dances; etc.
™ Risk-taking behaviors frequently accompany the independence of adolescent years.
™ N.J.S.A. provides for a delegate for the emergency administration of epinephrine even when a
  student is able to self-administer life-saving medication. Although teenage students will
  more than likely be permitted to carry and self-administer emergency medications, those
  students should not be expected to have complete responsibility for the administration of
  epinephrine. A severe allergic reaction can completely incapacitate a student and inhibit the
  ability to self-administer emergency medication. The school nurse or volunteer delegate
  should be available during school and school-sponsored functions to administer epinephrine
  in an emergency.

                                                                                    Appendix B

                    ROLES & RESPONSIBILITIES FOR
Food allergies can be life-threatening. The risk of accidental exposure to foods can be reduced
in the school setting if schools, students, parents, and physicians work together to minimize risks
of exposure to allergens and provide a safe educational environment for food-allergic students.

                                         Family’s Role
   ™ Notify the school of the student’s allergies.
   ™ Work with the school team to develop a plan that accommodates the student’s needs
     throughout the school, including the classroom, the cafeteria, after-care programs, during
     school-sponsored activities, and on the school bus, as well as an Individualized
     Emergency Healthcare Plan (IEHP).
   ™ Provide written medical documentation, instructions, and medications as directed by a
     physician, using the Food Allergy Action Plan as a guide. Include a photo of the child on
     written form.
   ™ Provide properly labeled medications and promptly replace medications after use or upon
   ™ Educate the child in the self-management of their food allergy including:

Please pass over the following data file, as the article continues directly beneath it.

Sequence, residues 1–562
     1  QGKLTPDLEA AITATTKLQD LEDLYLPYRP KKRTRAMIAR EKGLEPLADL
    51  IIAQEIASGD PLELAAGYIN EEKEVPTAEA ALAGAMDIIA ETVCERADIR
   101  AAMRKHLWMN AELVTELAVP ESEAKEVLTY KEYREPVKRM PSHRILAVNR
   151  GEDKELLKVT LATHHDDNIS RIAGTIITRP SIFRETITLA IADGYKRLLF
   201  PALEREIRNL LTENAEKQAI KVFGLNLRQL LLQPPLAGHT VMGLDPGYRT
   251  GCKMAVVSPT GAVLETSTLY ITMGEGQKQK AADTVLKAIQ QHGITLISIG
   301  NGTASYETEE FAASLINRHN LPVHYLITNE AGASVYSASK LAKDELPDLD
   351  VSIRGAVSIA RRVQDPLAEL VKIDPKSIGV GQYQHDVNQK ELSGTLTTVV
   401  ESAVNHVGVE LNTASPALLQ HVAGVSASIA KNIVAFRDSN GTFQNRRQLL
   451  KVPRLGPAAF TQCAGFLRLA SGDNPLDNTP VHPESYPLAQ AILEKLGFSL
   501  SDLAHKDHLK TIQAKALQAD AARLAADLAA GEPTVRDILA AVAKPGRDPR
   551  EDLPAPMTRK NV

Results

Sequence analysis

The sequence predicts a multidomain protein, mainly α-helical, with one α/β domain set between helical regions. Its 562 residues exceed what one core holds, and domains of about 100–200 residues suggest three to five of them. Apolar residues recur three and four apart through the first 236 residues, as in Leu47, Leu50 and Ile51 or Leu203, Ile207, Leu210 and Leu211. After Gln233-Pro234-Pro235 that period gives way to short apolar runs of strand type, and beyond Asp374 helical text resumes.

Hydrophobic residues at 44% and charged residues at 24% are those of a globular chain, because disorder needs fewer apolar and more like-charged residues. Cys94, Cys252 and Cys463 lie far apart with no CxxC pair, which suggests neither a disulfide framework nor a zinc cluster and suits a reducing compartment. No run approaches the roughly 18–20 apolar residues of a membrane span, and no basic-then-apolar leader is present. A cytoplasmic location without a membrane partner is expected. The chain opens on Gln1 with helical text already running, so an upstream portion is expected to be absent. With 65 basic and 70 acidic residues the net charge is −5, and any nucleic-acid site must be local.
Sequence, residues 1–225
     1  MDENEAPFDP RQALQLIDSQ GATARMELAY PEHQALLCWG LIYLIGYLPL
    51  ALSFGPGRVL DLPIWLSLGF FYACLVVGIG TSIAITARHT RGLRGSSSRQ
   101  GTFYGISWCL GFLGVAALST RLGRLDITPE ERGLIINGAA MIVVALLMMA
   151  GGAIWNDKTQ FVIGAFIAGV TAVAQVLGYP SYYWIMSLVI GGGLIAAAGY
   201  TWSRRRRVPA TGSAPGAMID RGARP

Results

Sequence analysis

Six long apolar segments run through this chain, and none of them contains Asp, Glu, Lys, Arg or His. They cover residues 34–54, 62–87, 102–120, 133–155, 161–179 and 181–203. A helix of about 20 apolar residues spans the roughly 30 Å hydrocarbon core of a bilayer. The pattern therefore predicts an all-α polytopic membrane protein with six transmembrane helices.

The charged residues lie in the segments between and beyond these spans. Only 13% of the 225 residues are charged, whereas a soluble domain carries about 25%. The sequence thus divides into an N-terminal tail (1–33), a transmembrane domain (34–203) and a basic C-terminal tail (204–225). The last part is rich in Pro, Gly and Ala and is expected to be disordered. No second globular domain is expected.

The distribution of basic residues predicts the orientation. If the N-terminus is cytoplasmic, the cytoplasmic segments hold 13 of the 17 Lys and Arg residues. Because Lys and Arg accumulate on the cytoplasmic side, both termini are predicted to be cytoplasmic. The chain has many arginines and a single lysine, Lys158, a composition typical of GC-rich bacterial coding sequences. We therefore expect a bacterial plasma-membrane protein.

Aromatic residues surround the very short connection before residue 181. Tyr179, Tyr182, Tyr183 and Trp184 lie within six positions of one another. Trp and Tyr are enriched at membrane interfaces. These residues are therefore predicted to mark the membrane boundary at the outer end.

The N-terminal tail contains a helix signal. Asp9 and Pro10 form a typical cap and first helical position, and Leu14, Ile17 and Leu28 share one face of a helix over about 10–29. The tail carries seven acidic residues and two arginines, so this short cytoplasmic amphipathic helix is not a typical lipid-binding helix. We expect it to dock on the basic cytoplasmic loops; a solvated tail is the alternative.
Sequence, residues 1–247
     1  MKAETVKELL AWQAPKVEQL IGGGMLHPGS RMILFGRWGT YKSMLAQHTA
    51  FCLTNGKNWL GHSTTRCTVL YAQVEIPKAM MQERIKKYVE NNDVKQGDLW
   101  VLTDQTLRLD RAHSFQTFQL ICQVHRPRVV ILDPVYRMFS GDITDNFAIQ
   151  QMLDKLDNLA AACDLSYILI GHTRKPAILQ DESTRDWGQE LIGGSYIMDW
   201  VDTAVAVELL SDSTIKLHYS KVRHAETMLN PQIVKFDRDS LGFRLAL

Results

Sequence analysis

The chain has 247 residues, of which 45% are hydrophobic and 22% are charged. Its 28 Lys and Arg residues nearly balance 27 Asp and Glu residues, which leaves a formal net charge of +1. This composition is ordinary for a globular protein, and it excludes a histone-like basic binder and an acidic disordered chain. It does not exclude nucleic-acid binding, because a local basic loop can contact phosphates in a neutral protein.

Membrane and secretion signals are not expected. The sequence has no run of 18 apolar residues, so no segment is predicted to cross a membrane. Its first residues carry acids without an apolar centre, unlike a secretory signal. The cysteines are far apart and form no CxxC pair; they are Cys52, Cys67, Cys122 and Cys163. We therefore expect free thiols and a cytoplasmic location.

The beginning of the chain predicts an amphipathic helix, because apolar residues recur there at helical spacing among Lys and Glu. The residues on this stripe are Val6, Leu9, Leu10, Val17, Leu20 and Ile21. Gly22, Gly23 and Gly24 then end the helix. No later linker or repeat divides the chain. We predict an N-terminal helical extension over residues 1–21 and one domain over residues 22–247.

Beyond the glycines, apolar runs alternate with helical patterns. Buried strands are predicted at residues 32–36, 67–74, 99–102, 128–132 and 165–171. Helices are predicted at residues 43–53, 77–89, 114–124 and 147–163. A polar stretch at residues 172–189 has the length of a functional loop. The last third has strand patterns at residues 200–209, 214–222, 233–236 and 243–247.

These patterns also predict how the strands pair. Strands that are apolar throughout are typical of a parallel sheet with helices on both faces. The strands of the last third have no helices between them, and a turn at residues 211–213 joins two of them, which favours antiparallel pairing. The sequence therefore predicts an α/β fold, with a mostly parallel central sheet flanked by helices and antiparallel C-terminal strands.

o safe and unsafe foods;
          o strategies for avoiding exposure to unsafe foods;
          o symptoms of allergic reactions;
          o how and when to tell an adult they may be having an allergy-related problem; and
          o how to read food labels (age appropriate).
   ™ Review policies and procedures with the school staff, the child’s physician, and the child
     (if age appropriate) after a reaction has occurred.
   ™ Provide current emergency contact information and update regularly.

                                         School’s Role
   ™ Review the health records submitted by parents and physicians.
   ™ Identify a core team including the school nurse, teacher, principal, school food service
     and nutrition manager/director to work with parents and the student (age appropriate) to
     establish an IEHP. Changes to the IEHP that promote food allergy management should
     be made with core team participation.
   ™ Assure that all staff who interact with the student on a regular basis understand food
     allergies, can recognize symptoms, know what to do in an emergency, and work with
     other school staff to eliminate the use of food allergens in the allergic student’s meals,
     educational tools, arts and crafts projects, or incentives.
   ™ Coordinate with the school nurse to ensure medications are appropriately stored, and
     ensure sure that an emergency kit is available that contains a physician’s standing order
     for epinephrine. Epinephrine should be kept in a secure but unlocked location that is
     easily accessible to delegated school personnel.

™ Students who are permitted to self-administer should be permitted to carry their own
  epinephrine, in accordance with state regulations and district and nonpublic school
™ Designate school personnel who volunteer to administer epinephrine in an emergency.
™ Be prepared to handle a reaction and ensure that there is a staff member available who is
  properly trained to administer medications during the school day, regardless of time or
™ Review policies and prevention plans with the core team members, parents/guardians,
  student (age appropriate), and physician after a reaction has occurred.
™ Work with the transportation administrator to: